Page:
It’s been a long time, if it’s ever happened at all, that Kansas has been pivotal in a national election. But the state could determine which party controls the U.S. Senate in 2015. Polls suggest that Republican Sen. Pat Roberts is in a tough fight to win a fourth term in November against independent candidate Greg Orman, whose campaign was boosted this week by the withdrawal of the Democratic nominee. Democrats hope that Orman will caucus with their party, or at least refuse to provide the GOP with its 51st vote in the chamber. (Orman has suggested that he will caucus with the Republicans if they become the majority party without him.)
Kansas joins Georgia and Kentucky as red states where the Democrats hope to pick up seats thanks to unusually strong candidates. And if Democratic incumbents can hold on in the red states of Alaska, Arkansas, Louisiana and North Carolina, the GOP will be thwarted in its attempt to control both houses of Congress.
The New Yorker’s Sam Wang, looking solely at polling data from across the country suggesting that some of the endangered Democrats will survive, wrote on Thursday that “with Orman facing off alone against Roberts [in Kansas], the probability of Democratic control shot up to eighty-five per cent.”
But just about every other prediction model still favors the Republicans. Polls be damned, most election experts see a continuation of the recent trend in which Senate results almost always fall in line with how each state votes in presidential elections. So no matter how low his approval ratings go, Mitch McConnell will be re-elected in Kentucky. And Kansas will drop the fans to reveal the same old Republican electorate that’s been been deciding elections for decades.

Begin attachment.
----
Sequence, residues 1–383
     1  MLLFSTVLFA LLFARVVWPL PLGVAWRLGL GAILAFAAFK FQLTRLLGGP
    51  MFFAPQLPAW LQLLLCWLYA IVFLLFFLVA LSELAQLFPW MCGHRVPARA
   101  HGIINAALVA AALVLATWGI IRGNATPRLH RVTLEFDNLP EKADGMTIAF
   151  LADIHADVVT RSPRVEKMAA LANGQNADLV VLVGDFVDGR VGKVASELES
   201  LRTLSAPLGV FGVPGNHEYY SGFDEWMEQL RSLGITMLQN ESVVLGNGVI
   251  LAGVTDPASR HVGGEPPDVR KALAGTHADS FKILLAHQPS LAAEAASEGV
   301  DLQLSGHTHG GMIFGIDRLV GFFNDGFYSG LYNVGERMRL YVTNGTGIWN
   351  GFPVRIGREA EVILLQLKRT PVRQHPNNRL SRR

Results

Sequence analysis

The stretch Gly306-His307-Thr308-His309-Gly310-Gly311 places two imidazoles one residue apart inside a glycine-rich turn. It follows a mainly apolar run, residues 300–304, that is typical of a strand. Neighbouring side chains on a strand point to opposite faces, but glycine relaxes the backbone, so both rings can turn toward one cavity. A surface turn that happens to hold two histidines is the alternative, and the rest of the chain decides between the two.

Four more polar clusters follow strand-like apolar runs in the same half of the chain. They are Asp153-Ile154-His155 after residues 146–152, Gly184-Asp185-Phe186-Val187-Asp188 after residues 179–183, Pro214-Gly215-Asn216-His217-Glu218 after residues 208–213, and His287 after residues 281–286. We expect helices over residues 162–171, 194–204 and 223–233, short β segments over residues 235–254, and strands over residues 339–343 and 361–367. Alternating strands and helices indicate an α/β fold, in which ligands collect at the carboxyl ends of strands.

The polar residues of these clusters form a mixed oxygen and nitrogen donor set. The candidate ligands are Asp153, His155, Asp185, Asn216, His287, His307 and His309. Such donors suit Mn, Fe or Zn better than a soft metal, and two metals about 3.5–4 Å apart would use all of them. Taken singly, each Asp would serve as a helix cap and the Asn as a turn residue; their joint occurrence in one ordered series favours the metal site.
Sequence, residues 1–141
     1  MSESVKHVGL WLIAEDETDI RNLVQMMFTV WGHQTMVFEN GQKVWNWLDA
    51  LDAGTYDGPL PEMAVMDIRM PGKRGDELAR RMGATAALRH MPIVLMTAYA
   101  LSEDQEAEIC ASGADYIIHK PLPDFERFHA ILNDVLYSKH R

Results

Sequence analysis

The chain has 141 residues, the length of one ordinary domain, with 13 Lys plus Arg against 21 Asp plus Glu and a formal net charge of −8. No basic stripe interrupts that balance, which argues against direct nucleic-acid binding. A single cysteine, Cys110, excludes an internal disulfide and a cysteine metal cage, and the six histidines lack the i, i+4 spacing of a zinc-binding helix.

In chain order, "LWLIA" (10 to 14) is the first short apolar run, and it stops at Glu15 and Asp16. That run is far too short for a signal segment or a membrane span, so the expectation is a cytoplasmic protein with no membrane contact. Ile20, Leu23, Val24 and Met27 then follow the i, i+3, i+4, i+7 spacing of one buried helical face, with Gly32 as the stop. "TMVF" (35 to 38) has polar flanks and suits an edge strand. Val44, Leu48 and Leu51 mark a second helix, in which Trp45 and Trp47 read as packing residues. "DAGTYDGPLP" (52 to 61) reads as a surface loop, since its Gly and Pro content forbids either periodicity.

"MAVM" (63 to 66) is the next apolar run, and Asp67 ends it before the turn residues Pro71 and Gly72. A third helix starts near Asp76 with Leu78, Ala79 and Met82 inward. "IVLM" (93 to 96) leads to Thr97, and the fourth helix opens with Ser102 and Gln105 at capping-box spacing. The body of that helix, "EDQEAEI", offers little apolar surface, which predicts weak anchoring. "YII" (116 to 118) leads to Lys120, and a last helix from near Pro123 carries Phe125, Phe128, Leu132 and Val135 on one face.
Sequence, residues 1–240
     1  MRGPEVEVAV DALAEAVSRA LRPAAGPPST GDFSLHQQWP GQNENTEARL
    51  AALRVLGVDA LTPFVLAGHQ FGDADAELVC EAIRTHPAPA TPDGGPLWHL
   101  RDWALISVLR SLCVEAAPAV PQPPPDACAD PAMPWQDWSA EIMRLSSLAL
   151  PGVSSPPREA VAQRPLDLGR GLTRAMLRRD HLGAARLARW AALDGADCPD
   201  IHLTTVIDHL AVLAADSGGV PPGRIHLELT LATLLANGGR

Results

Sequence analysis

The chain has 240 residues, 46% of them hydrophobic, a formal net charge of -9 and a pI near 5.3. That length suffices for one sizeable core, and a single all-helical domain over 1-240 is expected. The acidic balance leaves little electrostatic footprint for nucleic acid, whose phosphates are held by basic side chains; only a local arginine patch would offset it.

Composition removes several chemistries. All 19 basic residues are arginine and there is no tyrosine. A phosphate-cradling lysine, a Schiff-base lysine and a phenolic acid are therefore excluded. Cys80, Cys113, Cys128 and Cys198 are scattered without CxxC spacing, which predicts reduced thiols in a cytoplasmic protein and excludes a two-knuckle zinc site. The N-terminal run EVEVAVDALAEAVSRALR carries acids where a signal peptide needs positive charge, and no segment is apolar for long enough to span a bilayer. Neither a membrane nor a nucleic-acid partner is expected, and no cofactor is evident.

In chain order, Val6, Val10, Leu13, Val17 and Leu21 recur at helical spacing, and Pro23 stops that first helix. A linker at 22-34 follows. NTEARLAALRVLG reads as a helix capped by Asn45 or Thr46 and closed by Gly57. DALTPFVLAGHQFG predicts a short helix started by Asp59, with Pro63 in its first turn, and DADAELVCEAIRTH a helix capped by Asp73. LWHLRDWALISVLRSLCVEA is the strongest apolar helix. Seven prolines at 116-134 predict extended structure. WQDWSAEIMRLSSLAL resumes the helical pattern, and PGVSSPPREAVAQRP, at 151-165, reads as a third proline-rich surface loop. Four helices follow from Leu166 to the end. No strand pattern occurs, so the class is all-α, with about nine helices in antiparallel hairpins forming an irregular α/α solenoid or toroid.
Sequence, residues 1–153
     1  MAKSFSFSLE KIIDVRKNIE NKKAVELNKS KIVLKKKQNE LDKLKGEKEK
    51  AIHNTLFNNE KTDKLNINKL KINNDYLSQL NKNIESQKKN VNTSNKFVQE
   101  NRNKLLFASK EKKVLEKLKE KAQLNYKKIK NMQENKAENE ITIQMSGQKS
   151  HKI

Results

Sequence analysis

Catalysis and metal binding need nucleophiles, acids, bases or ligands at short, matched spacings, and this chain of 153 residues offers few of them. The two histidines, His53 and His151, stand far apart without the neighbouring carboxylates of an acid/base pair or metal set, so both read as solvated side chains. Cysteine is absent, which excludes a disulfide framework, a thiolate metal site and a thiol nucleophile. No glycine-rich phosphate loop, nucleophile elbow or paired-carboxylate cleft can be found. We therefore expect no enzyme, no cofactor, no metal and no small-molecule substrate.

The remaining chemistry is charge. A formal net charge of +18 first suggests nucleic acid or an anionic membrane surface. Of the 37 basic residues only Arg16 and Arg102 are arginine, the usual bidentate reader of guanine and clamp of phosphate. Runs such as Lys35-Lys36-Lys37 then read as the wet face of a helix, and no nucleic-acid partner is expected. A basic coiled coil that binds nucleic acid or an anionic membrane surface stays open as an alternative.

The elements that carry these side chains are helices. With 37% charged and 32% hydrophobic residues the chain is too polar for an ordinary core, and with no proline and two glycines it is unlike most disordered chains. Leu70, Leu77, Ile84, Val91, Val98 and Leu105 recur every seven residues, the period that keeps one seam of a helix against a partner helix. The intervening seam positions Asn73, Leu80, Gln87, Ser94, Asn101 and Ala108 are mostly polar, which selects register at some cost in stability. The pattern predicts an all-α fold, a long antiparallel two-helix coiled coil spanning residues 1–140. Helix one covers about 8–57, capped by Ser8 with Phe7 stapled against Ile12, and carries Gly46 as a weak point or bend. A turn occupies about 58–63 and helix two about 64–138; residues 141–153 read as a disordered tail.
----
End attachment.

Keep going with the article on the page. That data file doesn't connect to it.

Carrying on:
(TPM’s Josh Marshall likes Orman’s chances, but he notes, “The last time Kansas elected a Democrat to the Senate was 82 years ago. And it’s happened only three times since Kansas entered the Union on the eve of the Civil War. Which, remember, is over a hundred and fifty friggin’ years ago!”)
The skeptics of a Democratic surprise in November tend to focus on each state’s “fundamentals,” as opposed to the specific candidates and campaigns. They predict that President Barack Obama’s unpopularity in red states will ultimately drag down Democrats. And FiveThirtyEight.com’s Nate Silver just can’t wrap his head around the idea that Kansas voters will go against their nature and select the more liberal of the two Senate candidates:
Although our model largely relies on polls, it also evaluates other factors on a state-by-state basis, which we refer to as the “fundamentals.” One of these is the candidates’ ideology scores. In a deeply red state like Kansas, a fairly moderate Republican like Roberts rates as much closer to the median voter than a center-left candidate like Orman. Orman has also never been elected to office before, a factor which makes a candidate more likely to underperform in his polls, perhaps because of a lack of campaign experience.
I’m a bit more persuaded by Silver than by the poll-centric Wang, but I may be influenced by the time I spend looking at election stats and seeing some very entrenched patterns. Democratic (or de facto Democratic) wins in Kansas and Kentucky just seem too far-fetched in 2014.
If they do lose the Senate, Democrats may mutter about red-state voters being so rigid that they’ll elect anyone or anything with an “R” after its name. Of course, they’re counting on taking back the Senate in 2016, based on the implausibility of any Republican being taken seriously in states like California, Hawaii, Maryland, and New York.